inkwell.vue.320 : James Oseland, "Cradle of Flavor"
permalink #26 of 107: a plague of cilantro (cjp) Fri 8 Feb 08 10:14
    
Oh man, that egg dish at Lorong Bangkok sounds worth the trip! I have
really enjoyed this cookbook. I am utterly unfamiliar with Indonesian
food, and my only real foray into this cuisine was when I made
rijsttafel out of the 1970's Joy of Cooking, so Cradle of Flavor is a
revelation. The directions in your book are wonderfully clear, and I
adore the little essays that accompany them -- they create the perfect
aura for imagining what a new dish will taste like before actually
creating it. 

That spice cake was the first thing that caught my eye, too.
Perfection. And it has gone the way of all good cakes: happily down the
hatch with a couple glasses of cold milk!

I guess I'd like to ask a variation on the question Bourdain always
asks his chef buddies: what would be your perfect last meal, if it
could only be made of Indonesian dishes?
  
inkwell.vue.320 : James Oseland, "Cradle of Flavor"
permalink #27 of 107: fat and sassy and laying eggs (wiggly) Fri 8 Feb 08 10:18
    
Reading these descriptions on an empty stomach is torture. Time to head
over to the store for some galangal and turmeric, I suppose.

Speaking of ingredients, it seems that some common items from Vietnamese,
Thai, and Chinese food are missing - fish sauce, bitter melon, and various
gourds for example. Is there a particular reason something like fish sauce
didn't make the crossing from the mainland?
  
inkwell.vue.320 : James Oseland, "Cradle of Flavor"
permalink #28 of 107: Which is better - one or two? (smash) Fri 8 Feb 08 10:20
    
> Nutmeg jam

You suggest making it with the nut, but the discussion seems to point
to the (unavailable - in the US) fruit. We know that Mace and Nutmeg
(nut) are very different from each other in flavor. What does the fruit
itself taste like?

> Beef Rendang

I had it in a restaurant last week, and it was typical of what I get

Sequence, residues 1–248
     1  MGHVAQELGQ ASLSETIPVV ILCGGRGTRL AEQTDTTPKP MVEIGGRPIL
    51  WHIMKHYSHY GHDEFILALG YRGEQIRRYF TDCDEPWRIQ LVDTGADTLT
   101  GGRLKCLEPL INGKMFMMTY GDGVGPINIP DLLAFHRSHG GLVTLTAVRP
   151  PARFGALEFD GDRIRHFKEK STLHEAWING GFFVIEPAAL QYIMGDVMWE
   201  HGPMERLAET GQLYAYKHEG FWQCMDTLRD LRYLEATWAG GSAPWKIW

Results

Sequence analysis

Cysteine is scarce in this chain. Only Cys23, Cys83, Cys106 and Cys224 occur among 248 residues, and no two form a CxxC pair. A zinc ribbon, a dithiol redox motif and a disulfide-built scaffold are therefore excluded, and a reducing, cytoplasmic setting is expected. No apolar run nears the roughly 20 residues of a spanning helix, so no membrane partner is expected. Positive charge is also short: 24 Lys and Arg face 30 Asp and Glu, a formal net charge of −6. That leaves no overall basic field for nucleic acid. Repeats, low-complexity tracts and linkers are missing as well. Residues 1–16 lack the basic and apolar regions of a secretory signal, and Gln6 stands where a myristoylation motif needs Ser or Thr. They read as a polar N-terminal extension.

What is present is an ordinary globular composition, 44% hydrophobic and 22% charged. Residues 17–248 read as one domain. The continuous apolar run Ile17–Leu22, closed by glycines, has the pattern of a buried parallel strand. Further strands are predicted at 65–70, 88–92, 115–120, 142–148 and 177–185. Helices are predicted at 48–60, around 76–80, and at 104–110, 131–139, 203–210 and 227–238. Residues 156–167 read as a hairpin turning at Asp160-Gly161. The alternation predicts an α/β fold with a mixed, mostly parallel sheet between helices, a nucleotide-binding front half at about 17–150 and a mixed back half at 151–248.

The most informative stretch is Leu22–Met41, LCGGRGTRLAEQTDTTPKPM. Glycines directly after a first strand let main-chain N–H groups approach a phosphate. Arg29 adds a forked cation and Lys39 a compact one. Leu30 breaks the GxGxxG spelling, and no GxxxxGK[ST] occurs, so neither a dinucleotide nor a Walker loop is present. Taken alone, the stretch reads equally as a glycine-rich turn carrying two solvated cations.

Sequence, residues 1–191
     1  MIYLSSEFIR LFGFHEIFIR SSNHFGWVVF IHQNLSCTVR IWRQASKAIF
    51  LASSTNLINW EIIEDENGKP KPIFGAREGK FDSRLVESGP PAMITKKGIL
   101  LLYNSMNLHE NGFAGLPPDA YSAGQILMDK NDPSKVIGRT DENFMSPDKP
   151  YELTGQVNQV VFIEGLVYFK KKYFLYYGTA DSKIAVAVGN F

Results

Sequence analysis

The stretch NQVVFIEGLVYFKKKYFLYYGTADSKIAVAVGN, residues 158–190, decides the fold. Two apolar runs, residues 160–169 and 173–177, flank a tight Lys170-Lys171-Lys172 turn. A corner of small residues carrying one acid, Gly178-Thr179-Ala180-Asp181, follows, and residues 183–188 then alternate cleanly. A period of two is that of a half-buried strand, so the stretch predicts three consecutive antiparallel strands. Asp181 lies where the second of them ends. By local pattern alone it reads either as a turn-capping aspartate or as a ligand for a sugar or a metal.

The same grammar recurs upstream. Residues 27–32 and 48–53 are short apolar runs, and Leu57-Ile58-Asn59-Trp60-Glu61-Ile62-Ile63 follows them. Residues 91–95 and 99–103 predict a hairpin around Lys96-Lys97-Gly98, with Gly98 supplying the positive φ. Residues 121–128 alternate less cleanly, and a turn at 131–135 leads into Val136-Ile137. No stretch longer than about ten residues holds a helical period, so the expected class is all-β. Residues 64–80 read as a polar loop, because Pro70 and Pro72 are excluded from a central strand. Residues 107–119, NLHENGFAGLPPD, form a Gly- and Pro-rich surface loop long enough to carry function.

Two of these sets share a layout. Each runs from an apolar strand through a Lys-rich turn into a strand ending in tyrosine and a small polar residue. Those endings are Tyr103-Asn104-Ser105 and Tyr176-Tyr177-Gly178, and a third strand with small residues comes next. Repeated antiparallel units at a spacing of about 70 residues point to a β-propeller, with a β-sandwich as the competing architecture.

in restaurants around here (in the SF Bay Area): the sauce is great,
but the beef is mostly flavorless. It seems as though the meat has
never had the benefit of the sauce. Your recipe is all about cooking it
in the sauce, and I can't imagine cooking them separately. What is
going wrong with them?

We have a kaffir lime bush. Of course, the leaves are great, but is
there much useful to do with the fruit? I don't see them referenced in
the book.
  
inkwell.vue.320 : James Oseland, "Cradle of Flavor"
permalink #29 of 107: Which is better - one or two? (smash) Fri 8 Feb 08 10:23
    
And slipped by the stressed Mr. <wiggly> (for the next little while at
least. (Wiggly - I'm going to make the Beef Rendang next week. Neener
neener.)

Since he mentions fish sauce, I'm also interested. I happen to have a
wide-ranging fish allergy, and I find fish sauce to be nasty. I'm glad
that it's not predominant in the cuisine.
  
inkwell.vue.320 : James Oseland, "Cradle of Flavor"
permalink #30 of 107: fat and sassy and laying eggs (wiggly) Fri 8 Feb 08 10:29
    
The best thing to do with those limes is send them to me.
  
inkwell.vue.320 : James Oseland, "Cradle of Flavor"
permalink #31 of 107: Eric Gower (gower) Fri 8 Feb 08 10:40
    
The zest from kaffirs is great, Scott.
  
inkwell.vue.320 : James Oseland, "Cradle of Flavor"
permalink #32 of 107: Which is better - one or two? (smash) Fri 8 Feb 08 16:26
    
Dream on, guys.

I just hit Ranch 99 to shop for Beef Rendang ingredients, and was
really disappointed. I hoped to find galangal, candlenuts, daun salam